ch18part2medeatroy

ch18part2medeatroy - Classics 10: Chapters 18 and 19:...

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Classics 10: Chapters 18 and 19: Spring 2010 Jason and Medea; Prelude to the Trojan War I. Jason and Medea in Greece II. Medea and the Dragon-Wagon (at left) III. The House of Atreus IV. Prelude to the Trojan War
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Chapter Eighteen, Part 2 Jason and Medea in Greece
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The Return of Jason Jason returns in triumph to Iolcus with the Golden Fleece and presents it to King Pelias Pelias refuses to yield power to Jason (which he was supposed to do if he got the Fleece?) Medea tricks Pelias’ daughters into killing him She chops up an old ram, cooks him, and a young ram climbs out of the pot Medea promises the same for Pelias, so his daughters kill him and chop him up Medea cooks him … but he remains a human stew Medea’s schemes are powerful and dangerous
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The Death of Pelias Oracle that Jason would cause Pelias’ death thus turns out to be true People of Iolcus shocked Jason and Medea banished They go to Corinth
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Jason and Medea in Corinth Jason and Medea live happily in Corinth for a while – have two sons Jason then chooses to dump Medea and marry the daughter of King Creon No relation to King Creon of Thebes Jason says that Medea can stay in Corinth with him and his new wife, and in fact his marriage within the royal family will provide better resources to raise his two sons by Medea (!)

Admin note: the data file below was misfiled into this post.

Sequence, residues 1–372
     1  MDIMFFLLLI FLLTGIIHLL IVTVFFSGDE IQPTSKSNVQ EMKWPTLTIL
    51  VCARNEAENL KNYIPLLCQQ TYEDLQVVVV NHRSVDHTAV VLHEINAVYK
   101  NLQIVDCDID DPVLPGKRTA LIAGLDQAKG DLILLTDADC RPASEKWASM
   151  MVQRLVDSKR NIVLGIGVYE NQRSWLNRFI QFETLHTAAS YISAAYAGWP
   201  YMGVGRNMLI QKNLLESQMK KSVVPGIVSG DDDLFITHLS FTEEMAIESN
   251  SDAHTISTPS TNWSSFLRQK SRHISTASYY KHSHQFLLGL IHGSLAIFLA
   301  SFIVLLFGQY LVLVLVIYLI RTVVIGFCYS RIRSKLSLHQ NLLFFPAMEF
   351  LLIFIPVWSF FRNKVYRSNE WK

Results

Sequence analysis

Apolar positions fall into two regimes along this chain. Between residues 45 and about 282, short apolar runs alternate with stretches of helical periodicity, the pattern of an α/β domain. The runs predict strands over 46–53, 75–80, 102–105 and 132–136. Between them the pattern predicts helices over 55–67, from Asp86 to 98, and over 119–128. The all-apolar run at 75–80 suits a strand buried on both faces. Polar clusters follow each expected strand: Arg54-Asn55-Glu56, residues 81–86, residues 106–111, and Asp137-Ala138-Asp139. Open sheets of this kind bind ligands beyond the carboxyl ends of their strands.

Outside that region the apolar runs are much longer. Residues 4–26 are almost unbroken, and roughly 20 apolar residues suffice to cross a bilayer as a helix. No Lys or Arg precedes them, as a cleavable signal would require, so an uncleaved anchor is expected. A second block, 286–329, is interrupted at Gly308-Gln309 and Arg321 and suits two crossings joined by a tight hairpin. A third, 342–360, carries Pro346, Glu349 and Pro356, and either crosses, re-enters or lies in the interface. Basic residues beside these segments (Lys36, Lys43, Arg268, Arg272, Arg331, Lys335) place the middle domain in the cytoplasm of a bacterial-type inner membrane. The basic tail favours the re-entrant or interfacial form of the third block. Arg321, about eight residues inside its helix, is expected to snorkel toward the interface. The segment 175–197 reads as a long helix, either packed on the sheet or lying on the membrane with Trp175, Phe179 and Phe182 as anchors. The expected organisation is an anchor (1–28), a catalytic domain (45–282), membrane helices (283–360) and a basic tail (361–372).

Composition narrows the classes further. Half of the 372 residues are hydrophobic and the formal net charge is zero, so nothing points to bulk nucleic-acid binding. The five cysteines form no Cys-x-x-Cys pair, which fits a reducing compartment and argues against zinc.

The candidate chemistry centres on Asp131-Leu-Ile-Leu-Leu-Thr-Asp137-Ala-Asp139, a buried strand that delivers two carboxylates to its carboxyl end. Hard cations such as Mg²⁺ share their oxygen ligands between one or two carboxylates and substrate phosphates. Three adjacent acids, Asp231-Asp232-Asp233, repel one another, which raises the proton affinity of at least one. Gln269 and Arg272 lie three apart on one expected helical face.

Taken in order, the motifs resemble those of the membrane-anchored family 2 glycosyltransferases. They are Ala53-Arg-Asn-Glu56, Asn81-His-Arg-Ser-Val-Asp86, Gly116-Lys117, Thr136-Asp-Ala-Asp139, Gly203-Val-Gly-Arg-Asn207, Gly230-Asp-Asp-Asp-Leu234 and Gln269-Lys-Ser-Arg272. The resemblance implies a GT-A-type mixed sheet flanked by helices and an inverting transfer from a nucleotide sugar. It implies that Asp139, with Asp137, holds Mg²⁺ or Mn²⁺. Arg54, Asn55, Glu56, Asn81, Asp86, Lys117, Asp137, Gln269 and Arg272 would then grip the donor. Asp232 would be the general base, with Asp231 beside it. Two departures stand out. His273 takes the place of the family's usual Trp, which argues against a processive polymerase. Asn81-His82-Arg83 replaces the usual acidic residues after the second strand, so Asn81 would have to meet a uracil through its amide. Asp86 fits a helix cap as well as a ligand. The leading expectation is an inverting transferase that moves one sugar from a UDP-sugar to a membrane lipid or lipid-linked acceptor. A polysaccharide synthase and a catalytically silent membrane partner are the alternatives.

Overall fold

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Euripides’ Medea (431 BCE) Perhaps the most shocking of all Greek tragedies; very powerful in its rhetoric Play begins with Medea complaining of Jason’s decision to dump her She is dangerously upset She feels that all his accomplishments were only because of her aid First part of play develops sympathy for Medea: what is she to do now?
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Euripides’ Medea (431 BCE) Medea makes a feminist appeal to the women of Corinth “We women are the most unfortunate of creatures” Marriage is a trap: we women get no freedom while the men get to do what they want Men think they are strong but women are “Better to fight three times in battle than to feel the pain of bearing one child” All she asks is that they not stop her from seeking revenge on her unfaithful husband
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Euripides’ Medea (431 BCE) Medea and Jason have a huge fight on-stage Medea calls him a weak coward who would have failed without her He is breaking his marriage oath Jason calls her a sex-crazed witch who he was kind enough to rescue from Colchis She should be happy she got to be with him at all, esp. in “civilized” Greece Men would be happier without women, if only there as some other way to have kids
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Euripides’ Medea (431 BCE) King Creon hears of Medea’s call for revenge and banishes her She pleads with him to give her one last day Aegeus, King of Athens, visits Corinth Medea learns of his childlessness, promises to use magic to make him fertile He promises in return that he will welcome her to Athens NO MATTER WHAT Medea now has somewhere to go and one day to enact her vengeance on Jason and his wife
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ch18part2medeatroy - Classics 10: Chapters 18 and 19:...

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